Miscovich said peppermint “can be good for concentration and to aid in alertness.”
At Brookfield Property Partners, one of the world’s largest commercial property owners with office buildings on five continents, fragrances are not used. A spokeswoman did say that Citrovia, an outdoor garden dominated by a lemon scent, opened in 2021 in Manhattan West, Brookfield’s high-rise office and residential development in the Hudson Yards neighborhood. The goal was to “improve the construction experience,” where completed buildings mixed with those still under construction, the spokeswoman said. The garden is now closed.
One caveat is that some people are allergic to fragrances and the ingredients used to derive them, Miscovich said. A bad response can pave the way for a costly lawsuit, something companies would do almost anything to avoid.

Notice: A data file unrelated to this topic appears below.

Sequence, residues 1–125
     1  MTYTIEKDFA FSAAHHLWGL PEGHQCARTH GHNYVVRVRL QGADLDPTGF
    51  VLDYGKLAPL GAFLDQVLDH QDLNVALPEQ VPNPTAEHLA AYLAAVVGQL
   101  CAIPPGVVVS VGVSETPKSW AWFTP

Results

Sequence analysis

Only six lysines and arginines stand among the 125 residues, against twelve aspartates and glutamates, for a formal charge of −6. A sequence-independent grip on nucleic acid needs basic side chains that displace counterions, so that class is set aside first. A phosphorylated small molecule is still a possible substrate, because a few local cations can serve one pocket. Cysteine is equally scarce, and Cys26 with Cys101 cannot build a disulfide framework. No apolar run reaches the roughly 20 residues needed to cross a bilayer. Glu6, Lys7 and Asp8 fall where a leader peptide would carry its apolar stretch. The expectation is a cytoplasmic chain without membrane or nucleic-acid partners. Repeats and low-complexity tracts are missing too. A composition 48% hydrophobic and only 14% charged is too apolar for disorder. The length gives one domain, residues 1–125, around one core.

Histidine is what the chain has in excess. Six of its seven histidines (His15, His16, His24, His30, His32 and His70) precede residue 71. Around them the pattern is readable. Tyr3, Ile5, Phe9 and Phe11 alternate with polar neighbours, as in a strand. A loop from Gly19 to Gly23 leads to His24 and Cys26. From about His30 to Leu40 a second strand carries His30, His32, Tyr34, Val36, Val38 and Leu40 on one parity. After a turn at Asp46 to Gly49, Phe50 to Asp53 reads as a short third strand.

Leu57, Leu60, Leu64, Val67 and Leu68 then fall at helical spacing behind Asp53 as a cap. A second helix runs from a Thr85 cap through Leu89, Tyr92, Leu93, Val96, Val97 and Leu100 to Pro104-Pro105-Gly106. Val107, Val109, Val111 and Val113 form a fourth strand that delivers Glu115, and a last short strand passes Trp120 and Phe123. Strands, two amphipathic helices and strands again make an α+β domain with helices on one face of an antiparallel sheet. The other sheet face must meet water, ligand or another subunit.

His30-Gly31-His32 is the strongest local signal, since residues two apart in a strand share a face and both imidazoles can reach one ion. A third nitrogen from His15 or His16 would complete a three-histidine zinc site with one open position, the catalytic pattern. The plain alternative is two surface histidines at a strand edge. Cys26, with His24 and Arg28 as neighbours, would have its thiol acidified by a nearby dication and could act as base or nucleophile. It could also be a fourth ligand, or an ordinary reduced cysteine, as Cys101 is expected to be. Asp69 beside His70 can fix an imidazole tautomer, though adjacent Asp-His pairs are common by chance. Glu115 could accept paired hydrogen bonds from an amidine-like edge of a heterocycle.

“There’s a risk that introducing a fragrance with the best intentions to allow concentration, to create calm, if you have even a small percentage of people with an allergic reaction or a negative reaction, that would be problematic,” he said. said. “And, given the current environment, most people in leadership or senior human resources are trying to be very careful.
“I mean, even the smell of coffee, believe it or not, gets attention,” Miscovich said. “Yes, we are over the COVID pandemic crisis, but 400 to 500 people a day are still dying from COVID in this country. I have several HR people who are still very concerned about bringing people together in densely populated offices. Introducing a fragrance into it can cause more complexity and more challenge than good.”